|Publication number||US6624985 B1|
|Application number||US 10/040,613|
|Publication date||Sep 23, 2003|
|Filing date||Jan 7, 2002|
|Priority date||Jan 7, 2002|
|Publication number||040613, 10040613, US 6624985 B1, US 6624985B1, US-B1-6624985, US6624985 B1, US6624985B1|
|Inventors||James Mac Freitag, Mustafa Pinarbasi|
|Original Assignee||International Business Machines Corporation|
|Export Citation||BiBTeX, EndNote, RefMan|
|Patent Citations (15), Referenced by (26), Classifications (13), Legal Events (6)|
|External Links: USPTO, USPTO Assignment, Espacenet|
1. Field of the Invention
The present invention relates to magnetoresistive sensors for reading magnetically-recorded information from data storage media, and particularly to CPP (Current-Perpendicular-to-Plane) spin valve read sensors for direct access storage device (DASD) systems.
2. Description of the Prior Art
By way of background, magnetoresistive spin valve sensors have been proposed for use as magnetic field sensors (e.g., read head sensors) in DASD systems, such as disk drives. A spin valve sensor is a variable current device formed by a magnetically pinned ferromagnetic layer and a magnetically free ferromagnetic layer separated by an electrically conductive spacer layer. An antiferromagnetic pinning layer is used to exchange-bias the pinned layer so that its magnetic moment is pinned 90° to an air bearing surface (ABS) of the sensor that magnetically interfaces with an opposing magnetic storage medium during drive operation.
The magnetic moment of the free layer is free to rotate in positive and negative directions from a zero bias point position in response to positive and negative magnetic domains recorded on the magnetic storage medium. The zero bias position is the position of the magnetic moment of the free layer when the sensor is in a quiescent state and no external magnetic fields are present. The magnetic moment of the free layer when the sensor is in its quiescent state is preferably perpendicular to the magnetic moment of the pinned layer and parallel to the ABS. This allows for read signal asymmetry upon the occurrence of positive and negative magnetic field incursions of a rotating disk.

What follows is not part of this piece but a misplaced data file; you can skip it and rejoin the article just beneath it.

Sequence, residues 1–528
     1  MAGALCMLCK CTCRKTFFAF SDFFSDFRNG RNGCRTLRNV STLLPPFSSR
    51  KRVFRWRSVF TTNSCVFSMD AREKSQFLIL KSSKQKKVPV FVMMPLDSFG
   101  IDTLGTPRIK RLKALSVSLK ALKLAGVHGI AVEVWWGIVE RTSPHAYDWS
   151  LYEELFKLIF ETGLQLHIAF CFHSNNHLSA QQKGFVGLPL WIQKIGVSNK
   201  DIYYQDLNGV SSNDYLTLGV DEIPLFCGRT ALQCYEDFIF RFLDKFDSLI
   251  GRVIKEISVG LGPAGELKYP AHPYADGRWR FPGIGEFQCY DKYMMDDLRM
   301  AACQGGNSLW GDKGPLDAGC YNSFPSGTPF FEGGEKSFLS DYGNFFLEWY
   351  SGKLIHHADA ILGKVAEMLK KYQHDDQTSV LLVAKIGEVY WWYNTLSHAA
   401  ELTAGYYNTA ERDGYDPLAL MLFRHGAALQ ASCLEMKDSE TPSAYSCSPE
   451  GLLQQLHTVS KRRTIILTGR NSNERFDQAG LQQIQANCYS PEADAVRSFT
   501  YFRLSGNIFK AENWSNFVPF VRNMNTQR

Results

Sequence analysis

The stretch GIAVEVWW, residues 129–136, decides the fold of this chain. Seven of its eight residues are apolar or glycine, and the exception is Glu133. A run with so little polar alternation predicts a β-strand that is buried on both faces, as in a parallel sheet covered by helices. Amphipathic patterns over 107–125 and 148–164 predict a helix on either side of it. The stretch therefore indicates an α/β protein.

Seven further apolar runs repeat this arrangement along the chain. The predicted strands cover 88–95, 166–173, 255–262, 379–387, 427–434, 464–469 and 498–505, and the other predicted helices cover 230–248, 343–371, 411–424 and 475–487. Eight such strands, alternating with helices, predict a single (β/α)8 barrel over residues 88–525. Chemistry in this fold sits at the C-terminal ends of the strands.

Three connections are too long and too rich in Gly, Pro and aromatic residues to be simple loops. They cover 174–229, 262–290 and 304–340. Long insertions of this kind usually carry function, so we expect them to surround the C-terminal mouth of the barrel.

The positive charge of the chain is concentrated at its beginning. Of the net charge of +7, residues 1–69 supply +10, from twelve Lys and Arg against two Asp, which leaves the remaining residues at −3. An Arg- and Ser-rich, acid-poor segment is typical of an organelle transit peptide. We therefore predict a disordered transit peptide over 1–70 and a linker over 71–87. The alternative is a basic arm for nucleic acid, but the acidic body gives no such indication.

Electrical leads and/or shields are positioned to make electrical contact with the ferromagnetic layers. In a CIP (Current-In-Plane) spin valve sensor, the leads are arranged so that electrical current passes through the sensor in a direction that is parallel to the plane of the pinned and free layers. In a CPP sensor, the leads are arranged to induce a sense current that passes perpendicularly through the spacer layer from the pinned ferromagnetic layer to the free layer. In either case, when the sense current passes through the sensor, a readback signal is generated which is a function of the resistance changes that result when the magnetic moment of the free layer rotates relative to the pinned layer magnetic moment under the influence of recorded magnetic domains. Resistance is lower when the relative magnetic moments are parallel and higher when the magnetic moments are antiparallel.
Because of their superior sensitivity and higher magnetoresistance (ΔR/R), CPP spin valves are generally preferred over CIP spin valves for future products. High magnetoresistance equates to increased sensitivity of the spin valve sensor to magnetic flux incursions from the rotating storage medium. Other parameters that affect performance are the coupling field (He) between the pinned layer and the free layer across the spacer layer, the coercivity (Hc) of the free layer, and the free layer's magnetostriction (λ). It is desirable to minimize the coupling field He insofar as this parameter affects the bias point and sensitivity of the sensor. Ideally, the value the coupling field He is negative. It is also preferable that the coercivity parameter Hc be as low as possible. The magnetostriction value λis preferably a negative number.
Commonly assigned U.S. Pat. No. 6,317,299 of M. Pinarbasi (one of the co-inventors named herein), discloses a pining layer seed for increasing the magnetoresistance of a CIP spin valve sensor having a PtMn (platinum manganese) antiferromagnetic pinning layer. The preferred seed layer of the '299 patent comprises a first seed layer of CoFeB (cobalt iron boron), a second seed layer of NiMnO (nickel manganese oxide) and a third seed layer of Al2O3 (aluminum oxide). U.S. Pat. No. 6,201,671 of M. Pinarbasi similarly discloses a pinning layer seed for increasing the magnetoresistance of a CIP spin valve sensor having an antiferromagnetic pinning layer formed from NiO (nickel oxide). The preferred seed layer of the '671 patent comprises a metal oxide, such as TayOx (tantalum oxide).
While it would be desirable to take advantage of the pinning seed layers of the '299 and '671 patents in a CPP sensor, the use of an oxide seed layer in a CPP configuration is precluded because it would block the sense current.
Accordingly, a need exists for a CPP sensor configuration that increases magnetoresistance in similar fashion to the oxide pinning layer of the '299 and '671 patents, but without the incompatibility of such oxides relative to perpendicular-to-plane current flow. What is required in particular is a pinning layer that is electrically conductive relative to an applied CPP sensing signal and which provides desired magnetoresistance-enhancing properties.